I posted this in another thread. I find this method works perfectly. I now have very light bread, using 100% whole wheat flour.
I learned to make light breads after using laurel's kitchen bread book. She has developed a way to make 100% whole wheat bread (whcih everyone says is impossible to make light) and it comes light and fluffy and just what you want. (I applied these techniques also when i make bread with white flour and it is amazing. but it works unbelievably well for 100%whole wheat bread.)
several things you shoudl keep in mind
1. the recipe you have could have some mistakes. You never know, some are typos, some are just because an author can make a recipe by eye, and then guess at the measurements.
2 sometimes the ingredients vary from place to place - the kind of flour, the kind of butter, etc.
3. that said, one trick that works amazingly well is that since butter or other fat that is melted and added with the liquid tends to make bread heavy, you need to keep it cool and then add it AFTER having kneaded the dough. When the dough is smooth and elastic, add COOL not warm butter, little slice at a time and knead it in (whether byu hand or by mixer dough hook). The gluten has already formed then and the butter is not absorbed into the flour, and actually seems to grease the gluten strands so they slide easier and rise. You can incorporate surprisingly large amounts of butter into the dough this way.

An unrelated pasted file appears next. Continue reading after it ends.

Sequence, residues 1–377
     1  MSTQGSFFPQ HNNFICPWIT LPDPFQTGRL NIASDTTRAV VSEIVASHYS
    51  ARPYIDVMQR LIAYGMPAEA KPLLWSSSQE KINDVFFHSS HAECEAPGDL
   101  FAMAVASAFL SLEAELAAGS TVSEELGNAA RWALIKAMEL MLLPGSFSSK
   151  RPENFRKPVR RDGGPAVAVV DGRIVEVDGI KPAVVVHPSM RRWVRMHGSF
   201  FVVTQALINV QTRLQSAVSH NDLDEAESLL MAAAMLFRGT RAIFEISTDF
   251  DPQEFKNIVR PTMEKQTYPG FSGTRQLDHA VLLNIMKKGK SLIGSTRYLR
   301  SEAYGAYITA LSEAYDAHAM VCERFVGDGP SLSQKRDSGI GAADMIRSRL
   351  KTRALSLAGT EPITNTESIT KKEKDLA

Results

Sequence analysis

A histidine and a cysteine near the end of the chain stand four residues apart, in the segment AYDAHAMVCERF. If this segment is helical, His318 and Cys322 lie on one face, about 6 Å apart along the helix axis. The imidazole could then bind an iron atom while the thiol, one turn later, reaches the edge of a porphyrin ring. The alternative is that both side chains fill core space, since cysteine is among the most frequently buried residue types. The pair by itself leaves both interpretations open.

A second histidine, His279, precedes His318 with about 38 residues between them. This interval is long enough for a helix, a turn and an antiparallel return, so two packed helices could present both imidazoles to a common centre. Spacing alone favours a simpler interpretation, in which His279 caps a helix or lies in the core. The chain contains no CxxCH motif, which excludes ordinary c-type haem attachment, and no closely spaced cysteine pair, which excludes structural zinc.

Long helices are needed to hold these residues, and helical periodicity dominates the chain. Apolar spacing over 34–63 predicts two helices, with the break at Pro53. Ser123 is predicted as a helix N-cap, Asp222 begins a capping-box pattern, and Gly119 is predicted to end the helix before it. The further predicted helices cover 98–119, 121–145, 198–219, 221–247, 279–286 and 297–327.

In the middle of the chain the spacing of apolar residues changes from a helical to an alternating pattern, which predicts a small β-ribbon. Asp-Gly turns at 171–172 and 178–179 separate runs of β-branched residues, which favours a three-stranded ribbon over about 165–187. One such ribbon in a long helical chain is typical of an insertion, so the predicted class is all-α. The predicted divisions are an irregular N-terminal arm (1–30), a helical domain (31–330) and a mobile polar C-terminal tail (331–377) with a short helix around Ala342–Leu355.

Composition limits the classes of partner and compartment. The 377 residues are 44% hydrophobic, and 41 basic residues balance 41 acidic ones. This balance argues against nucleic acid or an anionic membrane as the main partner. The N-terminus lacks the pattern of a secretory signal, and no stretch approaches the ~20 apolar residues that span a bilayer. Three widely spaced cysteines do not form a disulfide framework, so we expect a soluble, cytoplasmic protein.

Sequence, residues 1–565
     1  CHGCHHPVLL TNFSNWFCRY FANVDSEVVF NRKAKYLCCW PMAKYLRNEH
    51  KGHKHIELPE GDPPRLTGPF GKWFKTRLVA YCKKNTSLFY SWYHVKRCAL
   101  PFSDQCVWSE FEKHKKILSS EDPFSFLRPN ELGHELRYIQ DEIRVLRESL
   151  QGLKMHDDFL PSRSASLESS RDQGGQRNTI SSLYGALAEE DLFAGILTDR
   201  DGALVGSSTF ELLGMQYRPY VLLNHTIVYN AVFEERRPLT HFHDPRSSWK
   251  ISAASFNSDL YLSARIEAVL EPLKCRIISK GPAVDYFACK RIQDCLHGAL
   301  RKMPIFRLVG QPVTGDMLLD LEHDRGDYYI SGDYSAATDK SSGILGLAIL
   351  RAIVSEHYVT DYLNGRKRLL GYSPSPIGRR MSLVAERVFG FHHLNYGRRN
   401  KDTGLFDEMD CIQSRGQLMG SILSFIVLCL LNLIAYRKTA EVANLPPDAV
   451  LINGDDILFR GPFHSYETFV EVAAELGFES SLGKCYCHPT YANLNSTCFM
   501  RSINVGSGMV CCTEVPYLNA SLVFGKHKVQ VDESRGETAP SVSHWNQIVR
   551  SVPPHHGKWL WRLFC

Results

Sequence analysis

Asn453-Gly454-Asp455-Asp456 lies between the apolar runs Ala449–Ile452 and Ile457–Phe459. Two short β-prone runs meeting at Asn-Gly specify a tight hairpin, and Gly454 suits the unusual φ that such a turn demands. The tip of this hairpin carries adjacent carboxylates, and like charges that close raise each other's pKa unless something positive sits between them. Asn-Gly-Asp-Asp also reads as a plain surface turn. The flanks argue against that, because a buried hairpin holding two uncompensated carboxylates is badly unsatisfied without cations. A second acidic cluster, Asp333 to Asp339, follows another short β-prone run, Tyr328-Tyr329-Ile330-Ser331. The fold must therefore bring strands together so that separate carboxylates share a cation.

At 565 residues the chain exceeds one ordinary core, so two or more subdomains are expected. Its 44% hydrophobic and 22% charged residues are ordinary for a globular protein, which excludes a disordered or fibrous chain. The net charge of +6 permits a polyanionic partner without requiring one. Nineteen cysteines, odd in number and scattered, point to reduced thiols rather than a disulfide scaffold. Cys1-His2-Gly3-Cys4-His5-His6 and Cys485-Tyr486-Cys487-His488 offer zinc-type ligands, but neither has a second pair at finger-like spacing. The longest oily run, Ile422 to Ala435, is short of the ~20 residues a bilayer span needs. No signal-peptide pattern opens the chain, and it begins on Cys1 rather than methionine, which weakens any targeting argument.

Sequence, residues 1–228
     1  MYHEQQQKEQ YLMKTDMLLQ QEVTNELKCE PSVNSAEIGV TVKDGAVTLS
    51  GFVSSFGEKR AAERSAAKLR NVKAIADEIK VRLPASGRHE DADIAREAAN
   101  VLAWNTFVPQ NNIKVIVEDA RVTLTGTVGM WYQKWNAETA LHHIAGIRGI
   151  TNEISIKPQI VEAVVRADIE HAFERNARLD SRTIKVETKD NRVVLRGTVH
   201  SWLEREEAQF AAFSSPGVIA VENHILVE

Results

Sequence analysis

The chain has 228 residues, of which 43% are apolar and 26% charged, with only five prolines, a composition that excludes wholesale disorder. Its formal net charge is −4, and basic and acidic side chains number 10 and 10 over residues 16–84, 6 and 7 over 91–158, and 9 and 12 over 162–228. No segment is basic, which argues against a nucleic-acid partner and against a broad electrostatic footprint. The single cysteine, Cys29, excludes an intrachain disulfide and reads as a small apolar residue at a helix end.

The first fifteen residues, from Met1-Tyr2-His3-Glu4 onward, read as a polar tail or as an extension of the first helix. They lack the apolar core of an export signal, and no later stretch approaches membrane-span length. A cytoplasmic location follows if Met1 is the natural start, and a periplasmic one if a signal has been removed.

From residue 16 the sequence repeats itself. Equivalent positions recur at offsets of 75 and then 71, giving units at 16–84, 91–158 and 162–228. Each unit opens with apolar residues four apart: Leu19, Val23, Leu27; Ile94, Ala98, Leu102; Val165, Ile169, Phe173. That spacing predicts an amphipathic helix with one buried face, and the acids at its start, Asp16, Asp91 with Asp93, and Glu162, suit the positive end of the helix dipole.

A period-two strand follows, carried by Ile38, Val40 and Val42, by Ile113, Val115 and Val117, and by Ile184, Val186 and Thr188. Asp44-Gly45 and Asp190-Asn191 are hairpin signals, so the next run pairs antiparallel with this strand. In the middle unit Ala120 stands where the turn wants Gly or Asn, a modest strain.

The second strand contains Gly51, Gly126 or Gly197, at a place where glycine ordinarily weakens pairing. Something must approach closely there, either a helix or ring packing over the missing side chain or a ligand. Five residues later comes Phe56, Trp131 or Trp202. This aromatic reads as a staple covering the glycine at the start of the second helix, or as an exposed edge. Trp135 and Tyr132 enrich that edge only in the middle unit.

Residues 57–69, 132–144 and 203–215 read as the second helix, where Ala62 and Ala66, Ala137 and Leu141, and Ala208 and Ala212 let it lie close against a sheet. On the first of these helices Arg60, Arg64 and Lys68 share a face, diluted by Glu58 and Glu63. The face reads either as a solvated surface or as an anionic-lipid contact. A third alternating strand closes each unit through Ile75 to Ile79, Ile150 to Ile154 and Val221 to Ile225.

4. don;t "punch down" the dough at any point. Your whole purpose in life here is to preserve all the gluten strands intact. Gently pull the dough away from the sides of the bowl and press down.
5. fold the dough gently always towards inward - that is, when you make a ball to rise, you put the top side down on the floured board and pull the sides in folding them towards the center, THEN TURN IT BACK OVER so the same part is always on top. This preserves this outer gluten layer so the air won;t escape.
6. don;t over rise - forget time and forget doubling in bulk. Press a finger into the dough. If it leaves a hole it's done. If it fills in it's not. If it collapses all around the hole, you need to squash and re rise it, it's gone too far and will end up dry and cavernous inside
I also like to use buttermilk as all or part of the liquid, which makes a tender crumb.
I recently tried to put together laurel's kitchen method with beranbaum's bread bible method, and it came even better.
Mix well, beating a couple of minutes: all the liquid, half the flour, and half the yeast.
MIx the rest of the dry ingredients (salt, remaining flour and yeast) and sprinkle on top. Let it sit covered in plastic for 1 to 4 hours. Then proceed to knead it all together, by hand or machine. At the end knead in some cool butter and proceed as usual, with one rising in the bowl and one in the pan.
try these and probably your bread will be high and light
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